They don't get much choice about what to sell
and there's less room for being entrepreneurial.
For Dominic though,
the advantages massively outweigh any disadvantages.
My father-in-law he built the company by himself for 40 years
and we've trebled the business since we joined Walls.
The vans are impeccable, the ice cream is fantastic,
so we just have to sit here and serve the public.
I've learned two things today.
That franchising can be a very effective way of running a business,
but more importantly, that I'm actually not that bad
at making ice cream, and it is quite tasty.
We Brits love nothing more than a weekend of music, mayhem and mud.
Festivals have become so popular that now over 400 take place every year.
Reading is the oldest and attracts some of the world's biggest names.
But Reading is more than just a bit of fun - it's a business.
And for the 200 or so companies that provide bottles of water
and wacky sunglasses, it's an opportunity to make a lot of money.
Though they make the festival experience better, it's important
to know the companies are not all run the same.
To find out more, I'm heading
somewhere pretty special - backstage.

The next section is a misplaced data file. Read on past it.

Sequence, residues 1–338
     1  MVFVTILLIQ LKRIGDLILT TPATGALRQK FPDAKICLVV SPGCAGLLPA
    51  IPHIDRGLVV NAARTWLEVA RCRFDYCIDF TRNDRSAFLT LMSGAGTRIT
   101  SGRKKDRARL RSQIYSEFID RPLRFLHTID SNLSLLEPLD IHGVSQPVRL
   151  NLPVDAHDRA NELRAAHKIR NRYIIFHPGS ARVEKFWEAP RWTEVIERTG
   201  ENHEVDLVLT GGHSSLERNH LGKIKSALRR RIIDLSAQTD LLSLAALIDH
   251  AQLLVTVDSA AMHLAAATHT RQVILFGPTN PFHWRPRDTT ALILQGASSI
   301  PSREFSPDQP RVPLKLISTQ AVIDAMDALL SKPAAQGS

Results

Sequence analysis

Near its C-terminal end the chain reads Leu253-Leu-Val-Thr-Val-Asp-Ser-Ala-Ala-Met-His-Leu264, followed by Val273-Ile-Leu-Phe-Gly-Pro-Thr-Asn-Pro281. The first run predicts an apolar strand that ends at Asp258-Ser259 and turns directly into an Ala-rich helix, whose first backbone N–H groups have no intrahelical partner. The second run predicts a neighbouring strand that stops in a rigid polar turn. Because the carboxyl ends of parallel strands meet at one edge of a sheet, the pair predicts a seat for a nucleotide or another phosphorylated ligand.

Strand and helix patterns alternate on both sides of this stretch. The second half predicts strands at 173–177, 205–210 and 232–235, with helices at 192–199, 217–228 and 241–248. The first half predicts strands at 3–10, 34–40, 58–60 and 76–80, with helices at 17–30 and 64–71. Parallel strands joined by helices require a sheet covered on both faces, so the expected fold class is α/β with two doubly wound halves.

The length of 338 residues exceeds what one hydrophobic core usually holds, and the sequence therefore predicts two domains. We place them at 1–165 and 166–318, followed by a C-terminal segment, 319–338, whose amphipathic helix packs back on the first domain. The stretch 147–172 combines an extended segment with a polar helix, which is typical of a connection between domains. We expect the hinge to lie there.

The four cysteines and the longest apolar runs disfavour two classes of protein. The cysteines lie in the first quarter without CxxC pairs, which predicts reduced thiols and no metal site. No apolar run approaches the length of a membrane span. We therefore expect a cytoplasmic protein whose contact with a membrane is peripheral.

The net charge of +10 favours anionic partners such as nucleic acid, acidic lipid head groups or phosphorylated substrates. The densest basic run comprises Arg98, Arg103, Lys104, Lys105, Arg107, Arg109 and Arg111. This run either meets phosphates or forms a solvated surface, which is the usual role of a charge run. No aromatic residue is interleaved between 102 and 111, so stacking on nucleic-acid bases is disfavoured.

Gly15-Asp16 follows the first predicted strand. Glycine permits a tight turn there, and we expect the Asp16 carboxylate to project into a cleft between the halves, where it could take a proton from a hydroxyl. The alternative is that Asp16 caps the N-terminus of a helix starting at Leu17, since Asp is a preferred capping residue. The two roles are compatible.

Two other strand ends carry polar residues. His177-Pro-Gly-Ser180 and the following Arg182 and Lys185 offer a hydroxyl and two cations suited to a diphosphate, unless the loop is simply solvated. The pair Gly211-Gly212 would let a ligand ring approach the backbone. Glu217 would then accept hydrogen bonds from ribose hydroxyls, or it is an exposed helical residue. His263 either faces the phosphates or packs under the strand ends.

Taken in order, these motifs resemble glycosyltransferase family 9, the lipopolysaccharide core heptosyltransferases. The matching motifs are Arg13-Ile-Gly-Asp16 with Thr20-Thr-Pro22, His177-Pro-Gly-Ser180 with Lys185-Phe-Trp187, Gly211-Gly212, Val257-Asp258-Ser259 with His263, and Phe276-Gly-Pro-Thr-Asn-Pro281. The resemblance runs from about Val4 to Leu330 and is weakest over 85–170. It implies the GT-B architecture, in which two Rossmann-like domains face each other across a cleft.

I'm meeting a man who provides something you can't see or touch
but without which there definitely wouldn't be any music at all.
Rob Hutchinson owns Innovation Power, which provides
all the electricity needed to run everything
from the stage lights to the guitars.
This is the main stage supply
so there's not just one big supply to the stage.
There's several supplies. There's the sound,
the lights, the video.
-Not like plugging your Hoover in, is it?
-No, not at all.
So what would happen if I switched off one of these?
I'm itching to in a way, can I do something?
Those people out there would get very angry. Really?
Yeah. I'd be running off in that direction.
Supplying power to Reading isn't straightforward.
Neither is Rob's company structure.
That's because, with an average annual turnover of £1.5 million,
Rob decided to make Innovation Power a Private Limited Company.
It's quite different to being a franchise or a sole trader.
One of the main differences is that an owner like Rob
has a separate legal identity from his business.
That gives the business what's called limited liability,
which means should it go bust, bosses like Rob
would only lose the money invested rather than their personal wealth.
Also, in terms of structure,
a limited company needs at least one shareholder.
The more shares you own, the more control you have of the company.
We started in the '80s as a sole trader stroke partnership.
In the '90s we got busier. We were picking up bigger and bigger events.
I said to the accountant, "If something went wrong,
"what's going to happen?" He said, "Well, they might sue you!"